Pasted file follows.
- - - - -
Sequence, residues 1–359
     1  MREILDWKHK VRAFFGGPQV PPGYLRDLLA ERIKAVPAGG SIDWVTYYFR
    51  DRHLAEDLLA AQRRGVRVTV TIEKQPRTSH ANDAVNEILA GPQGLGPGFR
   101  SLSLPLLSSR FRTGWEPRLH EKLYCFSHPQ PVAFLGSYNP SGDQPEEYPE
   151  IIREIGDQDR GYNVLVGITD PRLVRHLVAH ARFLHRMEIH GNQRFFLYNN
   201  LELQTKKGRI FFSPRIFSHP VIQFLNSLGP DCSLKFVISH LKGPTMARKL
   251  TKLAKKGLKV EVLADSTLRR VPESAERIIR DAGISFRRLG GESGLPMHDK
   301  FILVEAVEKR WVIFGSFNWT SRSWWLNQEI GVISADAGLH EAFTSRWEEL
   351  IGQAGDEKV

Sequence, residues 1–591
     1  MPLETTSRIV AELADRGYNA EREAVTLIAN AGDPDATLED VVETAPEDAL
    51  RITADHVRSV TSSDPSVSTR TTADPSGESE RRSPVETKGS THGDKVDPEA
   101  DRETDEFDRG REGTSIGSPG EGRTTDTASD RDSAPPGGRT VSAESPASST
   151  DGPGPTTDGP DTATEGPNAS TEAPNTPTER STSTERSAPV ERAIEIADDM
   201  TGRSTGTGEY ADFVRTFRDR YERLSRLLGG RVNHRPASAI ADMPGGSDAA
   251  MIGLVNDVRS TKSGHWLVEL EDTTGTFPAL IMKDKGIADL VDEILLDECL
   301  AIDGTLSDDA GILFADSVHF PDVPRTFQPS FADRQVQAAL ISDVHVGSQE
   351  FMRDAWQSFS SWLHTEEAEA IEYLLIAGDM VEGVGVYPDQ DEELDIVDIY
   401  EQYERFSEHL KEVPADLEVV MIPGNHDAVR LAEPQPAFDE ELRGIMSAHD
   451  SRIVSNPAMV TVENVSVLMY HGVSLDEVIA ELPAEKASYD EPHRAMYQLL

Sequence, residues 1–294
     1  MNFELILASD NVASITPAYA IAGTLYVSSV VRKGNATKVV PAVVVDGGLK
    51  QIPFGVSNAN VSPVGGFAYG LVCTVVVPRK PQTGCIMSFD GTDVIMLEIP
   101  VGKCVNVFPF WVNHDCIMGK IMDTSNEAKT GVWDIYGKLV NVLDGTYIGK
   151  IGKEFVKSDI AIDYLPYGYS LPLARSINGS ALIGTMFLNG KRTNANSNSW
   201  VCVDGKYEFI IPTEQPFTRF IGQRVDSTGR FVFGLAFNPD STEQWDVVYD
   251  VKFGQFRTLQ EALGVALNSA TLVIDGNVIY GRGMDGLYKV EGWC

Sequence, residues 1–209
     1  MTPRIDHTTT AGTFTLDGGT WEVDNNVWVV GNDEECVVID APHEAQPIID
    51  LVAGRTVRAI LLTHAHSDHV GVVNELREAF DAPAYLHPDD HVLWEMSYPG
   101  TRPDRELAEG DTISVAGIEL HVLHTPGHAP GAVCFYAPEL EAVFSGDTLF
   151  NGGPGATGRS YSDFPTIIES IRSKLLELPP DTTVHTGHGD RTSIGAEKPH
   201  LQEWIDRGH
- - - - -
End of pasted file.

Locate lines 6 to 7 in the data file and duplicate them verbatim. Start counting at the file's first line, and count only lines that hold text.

   201  LELQTKKGRI FFSPRIFSHP VIQFLNSLGP DCSLKFVISH LKGPTMARKL
   251  TKLAKKGLKV EVLADSTLRR VPESAERIIR DAGISFRRLG GESGLPMHDK